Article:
1. ARM and Experian rise as UK’s FTSE drifts back to 4-month highs

ARM and Experian rise as UK’s FTSE drifts back to 4-month highs

Britain's top equity index drifted back up towards four-month highs on Wednesday, with technology group ARM boosted by Apple's record profits...

By: | London | Published: January 29, 2015 6:09 AM

Britain’s top equity index drifted back up towards four-month highs on Wednesday, with technology group ARM boosted by Apple’s record profits and data company Experian up on a dividends pledge.

The blue-chip FTSE 100 index was up by 0.2 percent at 6,827.11 points in early session trading, recovering slightly from a 0.6 percent decline on Tuesday.

ARM, which rose 1.9 percent to 1,051 pence, gave one of the biggest lifts to the FTSE.

ARM, whose chip designs are used in nearly all of the world’s mobile phones, was boosted after Apple’s  quarterly results smashed Wall Street expectations with record sales of big-screen iPhones in the holiday shopping season.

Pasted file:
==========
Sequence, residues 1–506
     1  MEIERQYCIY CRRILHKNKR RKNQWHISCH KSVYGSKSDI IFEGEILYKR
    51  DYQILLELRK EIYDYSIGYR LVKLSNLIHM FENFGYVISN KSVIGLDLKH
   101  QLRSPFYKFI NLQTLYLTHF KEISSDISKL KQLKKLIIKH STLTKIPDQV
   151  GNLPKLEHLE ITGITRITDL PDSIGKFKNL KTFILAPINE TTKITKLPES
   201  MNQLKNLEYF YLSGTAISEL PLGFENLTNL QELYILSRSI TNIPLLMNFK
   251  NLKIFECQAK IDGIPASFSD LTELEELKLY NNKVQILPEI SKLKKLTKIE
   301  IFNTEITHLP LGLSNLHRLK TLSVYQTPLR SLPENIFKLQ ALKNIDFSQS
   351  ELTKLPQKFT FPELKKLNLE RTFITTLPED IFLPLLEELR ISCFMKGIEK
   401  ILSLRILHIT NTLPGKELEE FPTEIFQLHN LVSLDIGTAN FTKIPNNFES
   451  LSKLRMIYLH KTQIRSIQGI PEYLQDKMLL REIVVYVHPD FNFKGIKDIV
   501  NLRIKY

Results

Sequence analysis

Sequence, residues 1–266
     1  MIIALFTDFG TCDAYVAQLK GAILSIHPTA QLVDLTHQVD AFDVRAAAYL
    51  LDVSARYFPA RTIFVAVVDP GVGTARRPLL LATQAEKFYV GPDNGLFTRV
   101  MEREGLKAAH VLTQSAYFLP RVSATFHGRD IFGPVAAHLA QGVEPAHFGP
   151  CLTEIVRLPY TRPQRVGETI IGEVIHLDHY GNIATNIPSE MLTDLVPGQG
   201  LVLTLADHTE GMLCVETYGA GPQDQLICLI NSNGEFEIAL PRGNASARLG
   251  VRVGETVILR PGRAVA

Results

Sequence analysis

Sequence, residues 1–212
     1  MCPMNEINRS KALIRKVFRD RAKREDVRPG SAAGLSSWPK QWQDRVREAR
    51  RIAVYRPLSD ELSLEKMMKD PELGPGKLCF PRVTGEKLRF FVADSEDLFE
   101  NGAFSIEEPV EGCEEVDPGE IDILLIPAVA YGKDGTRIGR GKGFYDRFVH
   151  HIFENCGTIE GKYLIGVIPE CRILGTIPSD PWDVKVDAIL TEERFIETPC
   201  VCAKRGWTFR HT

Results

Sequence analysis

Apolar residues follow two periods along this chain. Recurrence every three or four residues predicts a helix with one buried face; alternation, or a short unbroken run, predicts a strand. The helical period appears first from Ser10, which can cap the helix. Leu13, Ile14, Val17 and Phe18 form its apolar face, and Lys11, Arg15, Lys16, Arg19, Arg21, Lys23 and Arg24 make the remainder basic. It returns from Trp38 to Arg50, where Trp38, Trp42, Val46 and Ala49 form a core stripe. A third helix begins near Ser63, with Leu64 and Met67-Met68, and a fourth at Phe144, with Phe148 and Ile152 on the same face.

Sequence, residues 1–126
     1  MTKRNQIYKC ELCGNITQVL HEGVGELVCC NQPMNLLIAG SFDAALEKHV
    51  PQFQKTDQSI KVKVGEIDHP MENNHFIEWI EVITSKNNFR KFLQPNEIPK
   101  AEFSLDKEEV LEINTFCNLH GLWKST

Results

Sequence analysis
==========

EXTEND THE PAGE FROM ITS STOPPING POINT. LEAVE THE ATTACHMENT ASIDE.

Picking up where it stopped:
Beaufort Securities sales trader Basil Petrides said that while he did not want to buy ARM shares at current levels, he would look to buy the stock if it fell below 1,000 pence.

“You have to be a buyer of ARM on the dip. It not only provides Apple with chips but also Samsung, and they get all the royalties,” said Petrides.

Mining stocks also rose. The sector was helped by a recovery in the price of copper, while Anglo American advanced 1.9 percent as it posted annual production ahead of its guidance, even though it also warned of impairment charges for its 2014 financial year.

Data company Experian also advanced 3.6 percent, making it the best-performing FTSE 100 stock in percentage terms, after the company issued an upbeat outlook at an investor seminar, including pledges to grow its dividend.

The FTSE 100 hit a peak last year of 6,904.86 points, which marked its highest level since early 2000, although it then lost ground towards the end of 2014.

“I can’t buy enthusiastically at these levels, with worries over the Greek economy still an issue, but I am cautiously optimistic,” said Berkeley Futures’ associate director Richard Griffiths.

  1. No Comments.

Go to Top